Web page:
Now your liquid is in, stir everything around and then add the tomato puree, stir a bit more, stick a lid on it and put it on the hob on a low heat or in the oven at around 160 degrees C for at least 2 hours, preferably 3.

Now let’s get on to the savoury scones. This should make around 6 scones.

230g self-raising flour
60g butter, cut into cubes
half a teaspoon of salt
150ml milk, and a little extra to brush over the tops
1 teaspoon of grain mustard
1 teaspoon of your choice of dried herbs

Method

Put the flour, butter and salt into a food processor, and pulse until the mixture resembles breadcrumbs. Then slowly add the milk and continue to pulse until combined. Now add the mustard and herbs and give it a final pulse to mix in.

Roll out the dough on a floured surface, to around 3cm thick. Cut into rounds using a pastry cutter (6-8cm in diameter). Place on a lightly oiled baking tray, brush the tops with the remaining milk and then bake for 15-20 minutes in the oven at 200 degrees C.

When you’ve finished, the casserole should look a little something like this:-

You’ll spot some peas there, I tend to cook these separately and then add them in at the last minute. If you mix them into the casserole they tend to go grey and don’t look very appetising on reheating.

If you prefer something a little spicier, stirring a spoonful of chilli jam into your bowl brings a gentle warmth to proceedings.

The scones will look a little something like this:-

A tasty casserole dish, easy to make and very rewarding for little effort.

Creamy seafood pasta recipe

It’s another recipe post. I’ve got plenty up my sleeves, just have to get around to writing them and publishing them.

Tonight’s one is a quick pasta dish that makes a nice change from bolognese or carbonara and is almost a no-cook recipe.

You will need:-

some seafood
some pasta
some cream
some eggs
some seasoning

For 2 people, I used the following:-

150g crab meat (whatever you prefer)
100g cooked squid rings
50g cooked, peeled prawns
50ml cream
2 egg yolks
50g grated cheese (cheddar, parmesan, whatever you prefer)
166g dried pasta
Your preferred amount of seasoning (salt, pepper or something more exotic such as cayenne also works)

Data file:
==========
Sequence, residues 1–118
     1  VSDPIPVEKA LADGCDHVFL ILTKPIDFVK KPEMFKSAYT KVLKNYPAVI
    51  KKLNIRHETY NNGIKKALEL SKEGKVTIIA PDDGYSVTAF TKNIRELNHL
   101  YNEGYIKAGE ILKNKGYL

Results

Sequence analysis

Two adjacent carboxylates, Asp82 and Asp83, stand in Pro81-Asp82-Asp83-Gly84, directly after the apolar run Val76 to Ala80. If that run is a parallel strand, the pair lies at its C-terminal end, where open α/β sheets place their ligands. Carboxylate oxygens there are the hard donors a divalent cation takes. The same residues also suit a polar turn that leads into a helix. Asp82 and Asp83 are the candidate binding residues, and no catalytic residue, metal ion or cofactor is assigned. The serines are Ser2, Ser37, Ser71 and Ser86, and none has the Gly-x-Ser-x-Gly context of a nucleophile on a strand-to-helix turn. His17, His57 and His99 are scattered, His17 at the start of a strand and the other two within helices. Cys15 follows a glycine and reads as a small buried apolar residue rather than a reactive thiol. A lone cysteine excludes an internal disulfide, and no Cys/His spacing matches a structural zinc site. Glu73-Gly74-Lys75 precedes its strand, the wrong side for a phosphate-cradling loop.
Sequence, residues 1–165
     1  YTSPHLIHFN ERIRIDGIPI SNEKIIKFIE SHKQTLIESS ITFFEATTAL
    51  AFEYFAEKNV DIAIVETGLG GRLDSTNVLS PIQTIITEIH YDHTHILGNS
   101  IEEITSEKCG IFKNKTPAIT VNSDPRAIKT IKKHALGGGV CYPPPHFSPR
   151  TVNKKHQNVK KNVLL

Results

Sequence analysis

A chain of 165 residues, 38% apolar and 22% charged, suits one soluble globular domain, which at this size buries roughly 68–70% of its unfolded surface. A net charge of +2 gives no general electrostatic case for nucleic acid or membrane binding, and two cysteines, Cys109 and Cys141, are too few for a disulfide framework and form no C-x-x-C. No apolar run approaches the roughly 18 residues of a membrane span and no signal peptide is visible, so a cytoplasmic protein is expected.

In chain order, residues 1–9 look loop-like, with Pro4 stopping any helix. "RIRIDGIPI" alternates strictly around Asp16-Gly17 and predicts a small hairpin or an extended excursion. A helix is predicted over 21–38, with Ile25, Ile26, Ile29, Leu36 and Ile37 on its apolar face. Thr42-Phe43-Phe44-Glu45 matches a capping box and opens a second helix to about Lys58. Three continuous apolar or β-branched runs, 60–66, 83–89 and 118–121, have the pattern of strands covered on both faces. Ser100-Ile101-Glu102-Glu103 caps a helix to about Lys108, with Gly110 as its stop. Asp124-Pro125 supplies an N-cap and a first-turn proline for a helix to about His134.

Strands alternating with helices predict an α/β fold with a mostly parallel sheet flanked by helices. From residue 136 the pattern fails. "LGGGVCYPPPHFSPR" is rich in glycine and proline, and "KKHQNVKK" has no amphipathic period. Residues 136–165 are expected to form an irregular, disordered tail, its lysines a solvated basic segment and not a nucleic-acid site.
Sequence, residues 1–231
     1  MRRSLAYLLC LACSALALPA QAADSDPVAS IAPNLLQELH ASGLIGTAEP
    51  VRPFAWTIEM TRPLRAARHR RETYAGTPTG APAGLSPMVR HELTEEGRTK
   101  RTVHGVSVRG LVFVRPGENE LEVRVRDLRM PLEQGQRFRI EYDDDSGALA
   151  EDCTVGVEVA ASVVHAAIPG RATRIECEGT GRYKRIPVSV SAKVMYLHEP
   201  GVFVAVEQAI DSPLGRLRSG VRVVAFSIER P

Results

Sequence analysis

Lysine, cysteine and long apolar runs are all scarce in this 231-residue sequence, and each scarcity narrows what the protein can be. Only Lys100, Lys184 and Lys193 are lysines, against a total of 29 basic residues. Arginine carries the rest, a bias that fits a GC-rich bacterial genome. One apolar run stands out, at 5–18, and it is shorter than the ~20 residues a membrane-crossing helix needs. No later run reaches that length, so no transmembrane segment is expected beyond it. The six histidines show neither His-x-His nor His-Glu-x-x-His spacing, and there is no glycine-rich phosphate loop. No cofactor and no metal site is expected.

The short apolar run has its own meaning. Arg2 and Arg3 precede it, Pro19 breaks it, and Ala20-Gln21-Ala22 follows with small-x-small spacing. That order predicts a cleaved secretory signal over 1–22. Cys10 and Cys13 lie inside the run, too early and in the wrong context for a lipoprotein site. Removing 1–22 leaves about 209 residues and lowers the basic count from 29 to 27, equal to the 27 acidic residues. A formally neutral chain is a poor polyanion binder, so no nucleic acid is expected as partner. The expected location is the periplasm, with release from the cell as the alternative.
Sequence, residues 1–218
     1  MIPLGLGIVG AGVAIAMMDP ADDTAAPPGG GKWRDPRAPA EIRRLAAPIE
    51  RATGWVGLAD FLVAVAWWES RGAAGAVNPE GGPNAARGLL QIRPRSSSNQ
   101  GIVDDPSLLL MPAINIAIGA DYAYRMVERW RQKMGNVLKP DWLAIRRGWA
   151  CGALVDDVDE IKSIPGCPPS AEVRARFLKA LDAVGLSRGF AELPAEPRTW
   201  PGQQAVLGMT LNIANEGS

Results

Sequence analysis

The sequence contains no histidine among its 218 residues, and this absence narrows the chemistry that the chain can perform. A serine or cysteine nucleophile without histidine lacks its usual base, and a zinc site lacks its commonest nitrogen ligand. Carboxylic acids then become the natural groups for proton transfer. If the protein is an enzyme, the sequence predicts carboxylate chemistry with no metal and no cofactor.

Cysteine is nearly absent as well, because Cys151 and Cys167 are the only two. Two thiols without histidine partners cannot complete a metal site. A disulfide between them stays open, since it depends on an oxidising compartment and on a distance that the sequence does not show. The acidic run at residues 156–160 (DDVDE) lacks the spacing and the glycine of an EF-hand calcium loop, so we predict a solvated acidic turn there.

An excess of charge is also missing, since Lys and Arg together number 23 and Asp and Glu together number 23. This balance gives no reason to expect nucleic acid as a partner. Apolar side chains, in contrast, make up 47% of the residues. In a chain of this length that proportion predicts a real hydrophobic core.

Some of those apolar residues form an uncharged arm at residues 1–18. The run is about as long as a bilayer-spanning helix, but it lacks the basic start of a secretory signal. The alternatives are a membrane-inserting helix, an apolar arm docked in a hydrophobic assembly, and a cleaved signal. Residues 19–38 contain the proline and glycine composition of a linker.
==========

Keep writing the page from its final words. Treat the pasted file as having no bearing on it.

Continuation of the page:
Here’s the “work” bit. Quickly whisk the egg yolks in a bowl, then add the cream and cheese and whisk again. Add the seafood and mix well. Season as preferred. Job done. It will look a bit like this:-

Cook your preferred pasta as per packet instructions. You’ll note my very accurate weight of pasta above. It’s 500g divided by 3, which produces a good portion for two people. When the pasta is cooked, quickly drain it and return it to the hot pan. Then add the seafood mixture and stir quickly – the heat in the pasta and the pan will cook the sauce in just a minute or two.

It looks a little something like this:-

There you go, a quick and easy pasta meal.

Gooseberry jam – a recipe

What do you do when someone (Mrs MOFAD in my case) comes home from work with a kilo of gooseberries? Make jam of course. I do like a gooseberry jam. It’s something you don’t see from the big producers, the kind of thing that you find at a farm shop or a market.

You will need:-

some gooseberries
some jam sugar (aka jelly sugar, aka gelling sugar aka pectin sugar)
some cold water

You might want something a bit more accurate than that. It’s a ratio of 1:1 gooseberry to sugar, with 15% water.

So if you have 500g of gooseberries, you need 500g of sugar and 75ml water, and so on.

Before we begin, start to sterilise a few jars – wash them in warm water then leave to dry in a low oven (100-120C) whilst you’re doing the rest of this. At the same time, put a small plate in the freezer – you’ll need that to test if it has set later.

First, wash your gooseberries, and chuck away any that have gone too squishy, mouldy or are too blemished. Remove the tops and tails, and pop them in a large saucepan.

Add your water and bring to the boil, then simmer for around 10 minutes until the fruit softens and starts to break up, giving it a good stir a few times. It will start to foam a bit.

Now add your sugar and stir until it has dissolved.

Increase the heat again and boil hard for about 10 minutes. Again it will really start to foam up and bubble away like a sugary volcano.

After 10 minutes, check to see if it has set. To do this, take the small plate out of the freezer and spoon a small amount of jam on to it. Let it cool down for a minute and then drag your finger through the jam – if it goes wrinkly then it is ready. If it doesn’t wrinkle, keep boiling for another minute or two and then test again.

If it is ready, turn off the heat and then skim off any scum (the white foamy bits). Leave it to stand for 20 minutes (it will start to form a wrinkly skin).